Narrative of the Life of Frederick Douglass, an American Slave/Chapter 6
My new mistress proved to be all she appeared when I first met her at the door,—a woman of the kindest heart and finest feelings. She had never had a slave under her control previously to myself, and prior to her marriage she had been dependent upon her own industry for a living. She was by trade a weaver; and by constant application to her business, she had been in a good degree preserved from the blighting and dehumanizing effects of slavery. I was utterly astonished at her goodness. I scarcely knew how to behave towards her. She was entirely unlike any other white woman I had ever seen. I could not approach her as I was accustomed to approach other white ladies. My early instruction was all out of place. The crouching servility, usually so acceptable a quality in a slave, did not answer when manifested toward her. Her favor was not gained by it; she seemed to be disturbed by it. She did not deem it impudent or unmannerly for a slave to look her in the face. The meanest slave was put fully at ease in her presence, and none left without feeling better for having seen her. Her face was made of heavenly smiles, and her voice of tranquil music.
But, alas! this kind heart had but a short time to remain such. The fatal poison of irresponsible power was already in her hands, and soon commenced its infernal work. That cheerful eye, under the influence of slavery, soon became red with rage; that voice, made all of sweet accord, changed to one of harsh and horrid discord; and that angelic face gave place to that of a demon.
Very soon after I went to live with Mr. and Mrs. Auld, she very kindly commenced to teach me the A, B, C. After I had learned this, she assisted me in learning to spell words of three or four letters. Just at this point of my progress, Mr. Auld found out what was going on, and at once forbade Mrs. Auld to instruct me further, telling her, among other things, that it was unlawful, as well as unsafe, to teach a slave to read. To use his own words, further, he said, "If you give a nigger an inch, he will take an ell. A nigger should know nothing but to obey his master—to do as he is told to do. Learning would spoil the best nigger in the world. Now," said he, "if you teach that nigger (speaking of myself) how to read, there would be no keeping him. It would forever unfit him to be a slave. He would at once become unmanageable, and of no value to his master. As to himself, it could do him no good, but a great deal of harm. It would make him discontented and unhappy." These words sank deep into my heart, stirred up sentiments within that lay slumbering, and called into existence an entirely new train of thought. It was a new and special revelation, explaining dark and mysterious things, with which my youthful understanding had struggled, but struggled in vain. I now understood what had been to me a most perplexing difficulty—to wit, the white man's power to enslave the black man. It was a grand achievement, and I prized it highly. From that moment, I understood the pathway from slavery to freedom. It was just what I wanted, and I got it at a time when I the least expected it. Whilst I was saddened by the thought of losing the aid of my kind mistress, I was gladdened by the invaluable instruction which, by the merest accident, I had gained from my master. Though conscious of the difficulty of learning without a teacher, I set out with high hope, and a fixed purpose, at whatever cost of trouble, to learn how to read. The very decided manner with which he spoke, and strove to impress his wife with the evil consequences of giving me instruction, served to convince me that he was deeply sensible of the truths he was uttering. It gave me the best assurance that I might rely with the utmost confidence on the results which, he said, would flow from teaching me to read. What he most dreaded, that I most desired. What he most loved, that I most hated. That which to him was a great evil, to be carefully shunned, was to me a great good, to be diligently sought; and the argument which he so warmly urged, against my learning to read, only served to inspire me with a desire and determination to learn. In learning to read, I owe almost as much to the bitter opposition of my master, as to the kindly aid of my mistress. I acknowledge the benefit of both.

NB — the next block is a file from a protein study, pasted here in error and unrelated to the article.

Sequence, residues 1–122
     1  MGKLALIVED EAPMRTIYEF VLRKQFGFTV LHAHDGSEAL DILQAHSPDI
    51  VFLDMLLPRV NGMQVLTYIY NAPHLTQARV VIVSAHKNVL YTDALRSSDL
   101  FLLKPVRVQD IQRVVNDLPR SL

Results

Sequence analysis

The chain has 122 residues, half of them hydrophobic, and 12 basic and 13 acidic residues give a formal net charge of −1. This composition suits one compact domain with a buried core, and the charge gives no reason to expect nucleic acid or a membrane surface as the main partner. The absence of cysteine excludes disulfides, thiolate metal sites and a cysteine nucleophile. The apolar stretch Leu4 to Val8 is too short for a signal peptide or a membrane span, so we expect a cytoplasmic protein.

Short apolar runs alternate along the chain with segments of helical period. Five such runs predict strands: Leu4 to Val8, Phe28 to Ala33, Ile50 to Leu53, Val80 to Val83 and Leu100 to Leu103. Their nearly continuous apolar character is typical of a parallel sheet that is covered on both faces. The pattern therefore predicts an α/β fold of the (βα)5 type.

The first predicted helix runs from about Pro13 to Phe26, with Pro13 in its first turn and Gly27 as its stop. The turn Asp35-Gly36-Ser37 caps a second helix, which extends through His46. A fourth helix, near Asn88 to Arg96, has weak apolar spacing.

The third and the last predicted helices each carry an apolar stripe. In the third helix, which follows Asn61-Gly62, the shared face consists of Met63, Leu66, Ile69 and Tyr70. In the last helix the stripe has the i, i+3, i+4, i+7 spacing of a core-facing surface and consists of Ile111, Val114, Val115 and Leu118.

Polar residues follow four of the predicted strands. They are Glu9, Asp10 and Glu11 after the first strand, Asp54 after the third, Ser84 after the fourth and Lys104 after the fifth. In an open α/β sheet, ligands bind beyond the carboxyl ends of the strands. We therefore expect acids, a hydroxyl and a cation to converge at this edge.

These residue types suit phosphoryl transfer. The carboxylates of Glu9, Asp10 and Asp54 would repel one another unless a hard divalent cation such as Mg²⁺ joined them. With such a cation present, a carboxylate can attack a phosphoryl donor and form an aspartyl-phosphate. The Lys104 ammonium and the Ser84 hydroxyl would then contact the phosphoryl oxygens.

I had resided but a short time in Baltimore before I observed a marked difference, in the treatment of slaves, from that which I had witnessed in the country. A city slave is almost a freeman, compared with a slave on the plantation. He is much better fed and clothed, and enjoys privileges altogether unknown to the slave on the plantation. There is a vestige of decency, a sense of shame, that does much to curb and check those outbreaks of atrocious cruelty so commonly enacted upon the plantation. He is a desperate slaveholder, who will shock the humanity of his non-slaveholding neighbors with the cries of his lacerated slave. Few are willing to incur the odium attaching to the reputation of being a cruel master; and above all things, they would not be known as not giving a slave enough to eat. Every city slaveholder is anxious to have it known of him, that he feeds his slaves well; and it is due to them to say, that most of them do give their slaves enough to eat. There are, however, some painful exceptions to this rule. Directly opposite to us, on Philpot Street, lived Mr. Thomas Hamilton. He owned two slaves. Their names were Henrietta and Mary. Henrietta was about twenty-two years of age, Mary was about fourteen; and of all the mangled and emaciated creatures I ever looked upon, these two were the most so. His heart must be harder than stone, that could look upon these unmoved. The head, neck, and shoulders of Mary were literally cut to pieces. I have frequently felt her head, and found it nearly covered with festering sores, caused by the lash of her cruel mistress. I do not know that her master ever whipped her, but I have been an eye-witness to the cruelty of Mrs. Hamilton. I used to be in Mr. Hamilton's house nearly every day. Mrs. Hamilton used to sit in a large chair in the middle of the room, with a heavy cowskin always by her side, and scarce an hour passed during the day but was marked by the blood of one of these slaves. The girls seldom passed her without her saying, "Move faster, you black gip!" at the same time giving them a blow with the cowskin over the head or shoulders, often drawing the blood. She would then say, "Take that, you black gip!" continuing, "If you don't move faster, I'll move you!" Added to the cruel lashings to which these slaves were subjected, they were kept nearly half-starved. They seldom knew what it was to eat a full meal. I have seen Mary contending with the pigs for the offal thrown into the street. So much was Mary kicked and cut to pieces, that she was oftener called "pecked" than by her name.